Patients with infected arthroplasties are normally treated with a two-stage exchange procedure using polymethylmethacrylate bone cement spacers impregnated with antibiotics. However, spacers may act as a foreign body to which micro-organisms may adhere and grow. In this study it was hypothesised that subclinical infection may be diagnosed with sonication of the surface biofilm of the spacer. The aims were to assess the presence of subclinical infection through sonication of the spacer at the time of a secondstage procedure, and to determine the relationship between subclinical infection and the clinical outcome. Of 55 patients studied, 11 (20%) were diagnosed with subclinical infection. At a mean follow-up of 12 months (interquartile range 6 to 18), clinical failure was found in 18 (32.7%) patients. Of the patients previously diagnosed with subclinical infection, 63% (7 of 11) had failed compared with 25% (11 of 44) of those without subclinical infection (odds ratio 5.25, 95% confidence interval 1.29 to 21.4, p = 0.021). Sonication of the biofilm of the surface of the spacer is useful in order to exclude subclinical infection and therefore contributes to improving the outcome after two-stage procedures.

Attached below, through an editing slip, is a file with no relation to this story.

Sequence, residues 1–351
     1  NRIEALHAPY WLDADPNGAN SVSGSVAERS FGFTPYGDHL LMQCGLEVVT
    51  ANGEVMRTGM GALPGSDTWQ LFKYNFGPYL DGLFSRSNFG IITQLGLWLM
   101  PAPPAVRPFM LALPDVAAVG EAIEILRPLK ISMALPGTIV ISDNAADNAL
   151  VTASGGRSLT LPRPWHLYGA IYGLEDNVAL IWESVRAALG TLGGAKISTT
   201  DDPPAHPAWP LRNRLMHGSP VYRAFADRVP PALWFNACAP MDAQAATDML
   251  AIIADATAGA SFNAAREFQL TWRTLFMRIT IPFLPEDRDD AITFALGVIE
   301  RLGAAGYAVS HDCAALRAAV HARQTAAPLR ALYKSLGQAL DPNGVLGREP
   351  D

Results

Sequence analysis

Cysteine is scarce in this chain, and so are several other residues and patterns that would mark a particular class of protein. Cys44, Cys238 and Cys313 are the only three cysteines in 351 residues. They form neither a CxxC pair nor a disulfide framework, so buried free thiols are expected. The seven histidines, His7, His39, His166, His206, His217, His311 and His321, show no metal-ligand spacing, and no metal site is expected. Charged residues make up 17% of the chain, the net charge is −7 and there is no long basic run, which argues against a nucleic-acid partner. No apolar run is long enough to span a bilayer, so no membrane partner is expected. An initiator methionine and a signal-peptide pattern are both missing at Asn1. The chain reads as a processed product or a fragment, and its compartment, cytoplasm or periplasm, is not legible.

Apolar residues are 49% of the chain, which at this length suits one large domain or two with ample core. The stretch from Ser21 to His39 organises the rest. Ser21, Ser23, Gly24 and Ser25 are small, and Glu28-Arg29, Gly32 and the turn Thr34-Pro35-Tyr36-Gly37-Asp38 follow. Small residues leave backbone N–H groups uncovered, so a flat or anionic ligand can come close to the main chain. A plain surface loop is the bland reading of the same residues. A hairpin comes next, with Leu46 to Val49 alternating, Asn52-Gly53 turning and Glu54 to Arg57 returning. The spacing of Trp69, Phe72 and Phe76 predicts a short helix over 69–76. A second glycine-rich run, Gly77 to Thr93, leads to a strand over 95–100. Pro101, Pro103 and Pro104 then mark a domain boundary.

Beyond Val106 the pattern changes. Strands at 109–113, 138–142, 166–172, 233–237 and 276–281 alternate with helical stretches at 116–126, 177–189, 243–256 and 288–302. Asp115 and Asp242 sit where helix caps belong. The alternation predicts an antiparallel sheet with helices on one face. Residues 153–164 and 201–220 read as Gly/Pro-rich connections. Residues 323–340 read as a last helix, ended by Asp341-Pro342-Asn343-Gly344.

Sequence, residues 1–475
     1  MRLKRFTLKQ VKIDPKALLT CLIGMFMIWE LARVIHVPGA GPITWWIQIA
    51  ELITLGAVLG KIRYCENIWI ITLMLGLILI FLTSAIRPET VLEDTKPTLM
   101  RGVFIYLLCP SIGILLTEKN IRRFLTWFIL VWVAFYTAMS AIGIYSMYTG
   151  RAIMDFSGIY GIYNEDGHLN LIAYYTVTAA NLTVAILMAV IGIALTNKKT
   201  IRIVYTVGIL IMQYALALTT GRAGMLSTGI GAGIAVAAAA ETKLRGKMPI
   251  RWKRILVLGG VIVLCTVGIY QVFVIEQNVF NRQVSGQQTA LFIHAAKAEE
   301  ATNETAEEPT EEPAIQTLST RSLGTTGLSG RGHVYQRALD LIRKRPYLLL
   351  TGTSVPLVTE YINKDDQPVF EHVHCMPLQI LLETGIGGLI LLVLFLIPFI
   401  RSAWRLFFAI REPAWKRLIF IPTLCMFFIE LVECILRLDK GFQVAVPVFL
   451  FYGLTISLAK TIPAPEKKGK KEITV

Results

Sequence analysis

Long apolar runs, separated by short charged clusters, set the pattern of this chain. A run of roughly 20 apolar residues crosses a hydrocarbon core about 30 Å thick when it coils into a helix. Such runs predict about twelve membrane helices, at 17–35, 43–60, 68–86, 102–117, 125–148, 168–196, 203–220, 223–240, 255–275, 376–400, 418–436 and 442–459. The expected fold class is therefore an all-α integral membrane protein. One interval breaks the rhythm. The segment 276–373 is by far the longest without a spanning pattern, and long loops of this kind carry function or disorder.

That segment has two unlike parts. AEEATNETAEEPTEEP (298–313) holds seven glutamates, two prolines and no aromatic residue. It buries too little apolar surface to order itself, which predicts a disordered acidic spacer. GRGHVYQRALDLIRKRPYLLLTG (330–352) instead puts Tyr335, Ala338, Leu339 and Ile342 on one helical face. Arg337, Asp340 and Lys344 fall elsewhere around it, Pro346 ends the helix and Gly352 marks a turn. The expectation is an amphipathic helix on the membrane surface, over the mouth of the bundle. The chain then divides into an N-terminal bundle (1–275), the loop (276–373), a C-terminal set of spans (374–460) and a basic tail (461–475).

|Original language||American English|
|Number of pages||5|
|Journal||Journal of Bone and Joint Surgery - Series B|
|Publication status||Published - Feb 2012|